# Multivariate Categorical Data

Hi data-enthusiasts,

Recently, I stumbled across an irritatingly odd problem at work concerning the visualization of multidimensional nominal data. In my Job as a data-scientist, I had to create a visualization for our powerpoint reports that provide an overview of our current projects and their status. As I started to deal with the data, I realized how many attributes/tags our projects have and how much information we could provide about our projects. These multidimensional project data got me thinking if there is a way to visualize this data more efficiently. Since there are some very effective data preprocessing & analysis tools for dimensionality reduction with ordinal and numeric data (such as PCA or LDA), I was wondering if there exists a dimensionality reduction technique for nominal data? Does anyone of you know of such a thing or some further information/research about this?
However, the goal of dimensionality reduction remains to be to reduce the dimensionality while preserving as much information as possible. Hence it is difficult for me to imagine how this could work with categorical data. But anyway, let me know what you think because our powerpoint reports really could need a breath of fresh air.
Oh and by the way a late happy new year!

Dimensionality reduction can mean (i) select some variables and remove others, or (ii) find groups of variables and combine the variables in each group into a univariate variable. For nominal variables, you can certain to (i), and parallel coordinates plot can help you with this task. For (ii) you can use some statistical measures to help identify groups of variables, and formulate functions for combining variables (e.g., using OR, AND, XOR, NOT), and transform these to a new nominal variable, ordered ranking, or numerical variable. Because good analysts understand the semantics of these variables, they can define such functions more intelligently than a data mining algorithm that usually does not have such knowledge. Mathematically, human knowledge is a collection of variables, which an algorithm usually does not know.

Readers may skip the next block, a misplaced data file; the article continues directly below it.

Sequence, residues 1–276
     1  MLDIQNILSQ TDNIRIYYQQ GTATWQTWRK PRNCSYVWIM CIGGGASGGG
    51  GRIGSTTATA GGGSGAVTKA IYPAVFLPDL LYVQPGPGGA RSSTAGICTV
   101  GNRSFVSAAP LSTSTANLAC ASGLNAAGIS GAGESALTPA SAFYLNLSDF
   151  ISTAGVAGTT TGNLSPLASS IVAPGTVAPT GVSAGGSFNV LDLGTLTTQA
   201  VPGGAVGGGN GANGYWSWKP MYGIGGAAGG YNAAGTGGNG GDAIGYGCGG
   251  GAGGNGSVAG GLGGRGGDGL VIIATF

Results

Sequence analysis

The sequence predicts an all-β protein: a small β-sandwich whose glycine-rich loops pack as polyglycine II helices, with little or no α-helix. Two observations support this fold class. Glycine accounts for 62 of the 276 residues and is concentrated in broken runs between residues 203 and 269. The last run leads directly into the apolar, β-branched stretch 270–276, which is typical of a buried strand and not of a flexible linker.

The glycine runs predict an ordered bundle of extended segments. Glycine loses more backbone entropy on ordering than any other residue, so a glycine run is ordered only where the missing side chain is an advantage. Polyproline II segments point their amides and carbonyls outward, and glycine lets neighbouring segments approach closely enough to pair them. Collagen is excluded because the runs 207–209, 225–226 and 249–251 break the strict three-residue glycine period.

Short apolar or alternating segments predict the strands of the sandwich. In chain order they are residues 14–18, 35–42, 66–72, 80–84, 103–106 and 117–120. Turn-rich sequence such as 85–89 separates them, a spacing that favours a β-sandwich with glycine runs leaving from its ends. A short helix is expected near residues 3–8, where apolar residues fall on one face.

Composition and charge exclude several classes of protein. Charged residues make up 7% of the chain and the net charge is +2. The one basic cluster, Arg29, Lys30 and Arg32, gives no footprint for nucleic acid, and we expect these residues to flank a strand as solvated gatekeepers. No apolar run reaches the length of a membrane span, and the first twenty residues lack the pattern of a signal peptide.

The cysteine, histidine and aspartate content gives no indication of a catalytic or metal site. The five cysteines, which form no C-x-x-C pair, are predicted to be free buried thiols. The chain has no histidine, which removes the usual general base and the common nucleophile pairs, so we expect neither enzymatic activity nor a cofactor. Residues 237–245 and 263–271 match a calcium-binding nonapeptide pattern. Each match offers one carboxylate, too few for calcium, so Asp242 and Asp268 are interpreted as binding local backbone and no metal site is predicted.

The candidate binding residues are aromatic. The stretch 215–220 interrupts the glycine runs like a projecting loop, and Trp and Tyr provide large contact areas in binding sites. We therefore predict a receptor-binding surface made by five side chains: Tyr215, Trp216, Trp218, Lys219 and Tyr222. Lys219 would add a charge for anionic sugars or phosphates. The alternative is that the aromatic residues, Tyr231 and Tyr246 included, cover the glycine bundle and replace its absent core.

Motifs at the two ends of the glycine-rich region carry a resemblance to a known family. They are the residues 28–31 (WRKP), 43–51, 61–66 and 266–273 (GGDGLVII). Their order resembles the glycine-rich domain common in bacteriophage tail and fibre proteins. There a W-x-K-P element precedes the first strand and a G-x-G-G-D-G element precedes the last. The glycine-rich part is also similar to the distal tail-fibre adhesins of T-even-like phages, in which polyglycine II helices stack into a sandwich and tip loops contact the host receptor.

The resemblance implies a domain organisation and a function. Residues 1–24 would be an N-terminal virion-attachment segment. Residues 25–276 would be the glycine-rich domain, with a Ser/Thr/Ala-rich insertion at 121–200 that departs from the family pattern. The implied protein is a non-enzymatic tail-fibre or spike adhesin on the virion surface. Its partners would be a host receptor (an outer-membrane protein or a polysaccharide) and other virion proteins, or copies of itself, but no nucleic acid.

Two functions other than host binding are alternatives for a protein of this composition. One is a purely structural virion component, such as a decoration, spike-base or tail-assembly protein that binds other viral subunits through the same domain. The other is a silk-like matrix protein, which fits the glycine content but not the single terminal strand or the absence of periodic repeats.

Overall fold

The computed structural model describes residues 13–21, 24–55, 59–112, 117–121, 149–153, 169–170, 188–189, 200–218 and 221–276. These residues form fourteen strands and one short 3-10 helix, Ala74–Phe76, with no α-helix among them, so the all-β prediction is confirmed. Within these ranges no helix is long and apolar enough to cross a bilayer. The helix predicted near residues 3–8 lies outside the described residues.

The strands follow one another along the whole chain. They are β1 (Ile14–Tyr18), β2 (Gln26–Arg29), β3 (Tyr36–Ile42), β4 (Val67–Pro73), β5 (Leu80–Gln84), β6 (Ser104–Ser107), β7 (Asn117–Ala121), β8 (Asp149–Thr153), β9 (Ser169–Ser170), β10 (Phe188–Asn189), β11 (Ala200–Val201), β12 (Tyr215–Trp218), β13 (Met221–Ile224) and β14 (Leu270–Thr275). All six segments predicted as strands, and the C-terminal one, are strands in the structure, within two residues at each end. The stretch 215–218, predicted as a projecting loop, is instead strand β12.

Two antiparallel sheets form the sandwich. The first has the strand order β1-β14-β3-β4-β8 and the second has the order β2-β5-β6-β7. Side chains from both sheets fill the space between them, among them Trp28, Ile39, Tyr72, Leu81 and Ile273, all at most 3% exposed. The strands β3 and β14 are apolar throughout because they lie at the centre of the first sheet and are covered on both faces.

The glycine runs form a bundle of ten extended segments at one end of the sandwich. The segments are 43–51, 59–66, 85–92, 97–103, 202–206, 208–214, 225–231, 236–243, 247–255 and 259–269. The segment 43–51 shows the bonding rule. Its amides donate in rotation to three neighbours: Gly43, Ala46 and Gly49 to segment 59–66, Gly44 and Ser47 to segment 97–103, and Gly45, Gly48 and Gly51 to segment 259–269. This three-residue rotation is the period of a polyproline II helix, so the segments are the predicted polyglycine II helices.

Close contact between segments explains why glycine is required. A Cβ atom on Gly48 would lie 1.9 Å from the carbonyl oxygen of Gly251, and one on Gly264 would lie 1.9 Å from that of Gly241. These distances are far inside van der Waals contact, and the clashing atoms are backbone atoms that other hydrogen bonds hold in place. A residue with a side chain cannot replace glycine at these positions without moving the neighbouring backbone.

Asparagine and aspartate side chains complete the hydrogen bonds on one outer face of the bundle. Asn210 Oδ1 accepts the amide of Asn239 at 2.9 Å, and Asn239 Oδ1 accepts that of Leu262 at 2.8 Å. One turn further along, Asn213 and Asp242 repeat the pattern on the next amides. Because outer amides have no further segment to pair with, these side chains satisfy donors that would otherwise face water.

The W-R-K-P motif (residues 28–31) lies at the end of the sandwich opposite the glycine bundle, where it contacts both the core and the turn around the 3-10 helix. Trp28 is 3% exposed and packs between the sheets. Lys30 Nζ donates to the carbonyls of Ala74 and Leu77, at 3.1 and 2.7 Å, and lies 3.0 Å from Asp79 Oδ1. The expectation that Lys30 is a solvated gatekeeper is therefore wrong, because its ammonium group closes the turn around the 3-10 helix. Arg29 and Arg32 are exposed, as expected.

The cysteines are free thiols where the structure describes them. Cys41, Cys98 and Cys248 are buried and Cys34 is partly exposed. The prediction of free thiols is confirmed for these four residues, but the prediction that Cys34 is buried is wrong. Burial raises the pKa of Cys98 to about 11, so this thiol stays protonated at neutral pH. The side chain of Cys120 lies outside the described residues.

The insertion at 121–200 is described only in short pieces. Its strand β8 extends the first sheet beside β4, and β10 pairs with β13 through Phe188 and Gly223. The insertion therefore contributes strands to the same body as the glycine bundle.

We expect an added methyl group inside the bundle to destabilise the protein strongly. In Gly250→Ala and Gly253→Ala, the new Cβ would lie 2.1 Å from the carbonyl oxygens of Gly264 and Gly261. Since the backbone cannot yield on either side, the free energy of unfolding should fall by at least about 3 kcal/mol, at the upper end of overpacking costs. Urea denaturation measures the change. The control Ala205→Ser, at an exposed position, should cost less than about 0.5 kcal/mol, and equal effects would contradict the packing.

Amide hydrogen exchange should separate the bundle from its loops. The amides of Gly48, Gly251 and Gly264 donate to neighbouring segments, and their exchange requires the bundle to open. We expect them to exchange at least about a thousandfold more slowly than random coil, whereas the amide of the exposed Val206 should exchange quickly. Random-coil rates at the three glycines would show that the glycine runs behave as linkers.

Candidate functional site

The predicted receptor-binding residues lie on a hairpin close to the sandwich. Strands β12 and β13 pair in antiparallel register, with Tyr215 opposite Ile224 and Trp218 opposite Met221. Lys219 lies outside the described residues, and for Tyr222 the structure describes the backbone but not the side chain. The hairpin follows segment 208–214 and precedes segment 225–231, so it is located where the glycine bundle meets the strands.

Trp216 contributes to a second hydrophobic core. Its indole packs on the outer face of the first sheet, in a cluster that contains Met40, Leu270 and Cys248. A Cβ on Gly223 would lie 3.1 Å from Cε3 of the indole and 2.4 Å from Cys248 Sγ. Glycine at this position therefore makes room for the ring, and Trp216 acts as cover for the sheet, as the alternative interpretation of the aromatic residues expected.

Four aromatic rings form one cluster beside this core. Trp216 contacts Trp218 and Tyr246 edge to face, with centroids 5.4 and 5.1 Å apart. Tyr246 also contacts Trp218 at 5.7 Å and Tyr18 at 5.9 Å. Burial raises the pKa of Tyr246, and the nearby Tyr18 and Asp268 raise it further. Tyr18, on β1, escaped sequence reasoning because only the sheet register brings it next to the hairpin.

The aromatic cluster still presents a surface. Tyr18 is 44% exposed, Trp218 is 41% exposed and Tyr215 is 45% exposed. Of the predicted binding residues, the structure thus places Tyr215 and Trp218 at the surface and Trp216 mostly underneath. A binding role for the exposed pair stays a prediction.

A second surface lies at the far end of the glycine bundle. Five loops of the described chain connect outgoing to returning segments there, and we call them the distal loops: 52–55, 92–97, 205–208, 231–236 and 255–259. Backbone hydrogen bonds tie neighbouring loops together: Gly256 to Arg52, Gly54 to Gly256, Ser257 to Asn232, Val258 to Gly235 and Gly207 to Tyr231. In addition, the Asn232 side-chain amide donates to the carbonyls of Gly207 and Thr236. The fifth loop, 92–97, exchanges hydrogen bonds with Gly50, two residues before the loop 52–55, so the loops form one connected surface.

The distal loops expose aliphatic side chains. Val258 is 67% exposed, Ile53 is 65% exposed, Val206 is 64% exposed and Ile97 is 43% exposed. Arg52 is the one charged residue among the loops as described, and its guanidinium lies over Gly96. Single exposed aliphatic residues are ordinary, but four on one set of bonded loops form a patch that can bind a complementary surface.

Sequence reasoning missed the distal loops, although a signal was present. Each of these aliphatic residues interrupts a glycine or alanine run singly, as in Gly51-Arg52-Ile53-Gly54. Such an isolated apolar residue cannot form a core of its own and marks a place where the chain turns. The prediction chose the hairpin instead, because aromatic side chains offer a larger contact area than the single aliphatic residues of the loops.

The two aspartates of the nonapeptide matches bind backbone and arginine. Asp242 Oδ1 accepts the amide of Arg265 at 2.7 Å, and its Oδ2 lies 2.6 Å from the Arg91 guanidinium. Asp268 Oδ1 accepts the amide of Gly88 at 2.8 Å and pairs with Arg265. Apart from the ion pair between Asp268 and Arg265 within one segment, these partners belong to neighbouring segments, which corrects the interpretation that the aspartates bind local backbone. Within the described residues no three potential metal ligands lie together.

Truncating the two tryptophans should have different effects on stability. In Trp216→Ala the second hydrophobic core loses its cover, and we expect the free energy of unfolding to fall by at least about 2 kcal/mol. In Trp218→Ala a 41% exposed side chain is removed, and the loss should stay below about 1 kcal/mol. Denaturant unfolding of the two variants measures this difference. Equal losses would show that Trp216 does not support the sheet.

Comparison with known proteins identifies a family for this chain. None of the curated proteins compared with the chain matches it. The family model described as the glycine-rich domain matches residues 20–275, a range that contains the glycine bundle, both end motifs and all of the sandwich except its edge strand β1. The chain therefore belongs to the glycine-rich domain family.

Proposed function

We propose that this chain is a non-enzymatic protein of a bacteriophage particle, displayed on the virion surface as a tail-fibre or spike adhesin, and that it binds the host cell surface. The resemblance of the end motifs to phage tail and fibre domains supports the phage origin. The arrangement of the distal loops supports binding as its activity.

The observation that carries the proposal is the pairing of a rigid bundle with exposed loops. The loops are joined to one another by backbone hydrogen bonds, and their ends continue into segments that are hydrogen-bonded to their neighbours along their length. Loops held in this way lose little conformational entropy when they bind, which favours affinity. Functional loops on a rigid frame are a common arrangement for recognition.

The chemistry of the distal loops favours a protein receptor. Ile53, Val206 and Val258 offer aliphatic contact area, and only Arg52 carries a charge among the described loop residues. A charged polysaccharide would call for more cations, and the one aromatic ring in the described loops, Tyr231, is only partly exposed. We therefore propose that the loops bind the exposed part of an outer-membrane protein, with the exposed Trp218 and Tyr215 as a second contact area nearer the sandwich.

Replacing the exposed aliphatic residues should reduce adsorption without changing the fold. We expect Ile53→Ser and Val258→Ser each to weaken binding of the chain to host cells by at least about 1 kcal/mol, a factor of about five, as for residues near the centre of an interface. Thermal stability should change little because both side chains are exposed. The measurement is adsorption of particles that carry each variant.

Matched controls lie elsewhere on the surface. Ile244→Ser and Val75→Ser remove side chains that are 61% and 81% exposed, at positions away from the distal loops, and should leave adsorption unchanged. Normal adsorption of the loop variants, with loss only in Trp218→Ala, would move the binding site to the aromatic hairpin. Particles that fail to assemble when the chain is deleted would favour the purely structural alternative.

If you really keen on algorithmic help, you may consider to use a decision tree and random forest algorithm. The resulting decision tree essentially selects “important” variables, and organise them into a tree to represent the level of importance. The underlying mathematics is entropy calculation, which is about “information”. Importance implies information preservation. If your data is sparse, entropy calculation (like all types of stats) will not be accurate, humans can use visualization to address this problem. Please see: G. K. L. Tam, et al. “An analysis of machine- and human-analytics in classification.” IEEE Transactions on Visualization and Computer Graphics, 23(1):71-80, 2017.

Of course, the data mining community has their own forum for offering advice on algorithmic solutions usually without using much visualization or human knowledge.

Dear dydent,

You can use dimension reduction/multidimensional projection techniques like MDS, ISOMAP, tSNE, UMAP or the like to get a visual map overview of your categorical data. Note that these 2D layouts output of dimensionality reduction are not trustworthy in general: distortions can hide actual patterns (like groups or outliers) or generate false patterns. See a recent survey on that topic [1].
Most of these techniques can handle a similarity or distance matrix as input (notice PCA of a set of numerical vectors V gives the same result as Classical Multidimensional Scaling (cMDS) applied to the Euclidean distance matrix of all pairs of vectors in V). So your problem reduces to finding a way to measure similarities between any pairs of instances described with your variables. For numerical variables you can use Euclidean norm or other p-norm if variables are not semantically linked. If variables are linked (time slots in a time series, pixels of an image, or bins of an histogram), you can use specific similarity measures like Dynamic Time Warping, Wasserstein or measure between discrete sequences [2]. For categorical variables, you can use Hamming distance (each variable is a position, letters code for the different levels on that variable) or other measures like the ones compared in that paper [3]. If you have mixed variables, you can compute a weighted sum of the similarities you got for each group of homogeneous variables.

All the best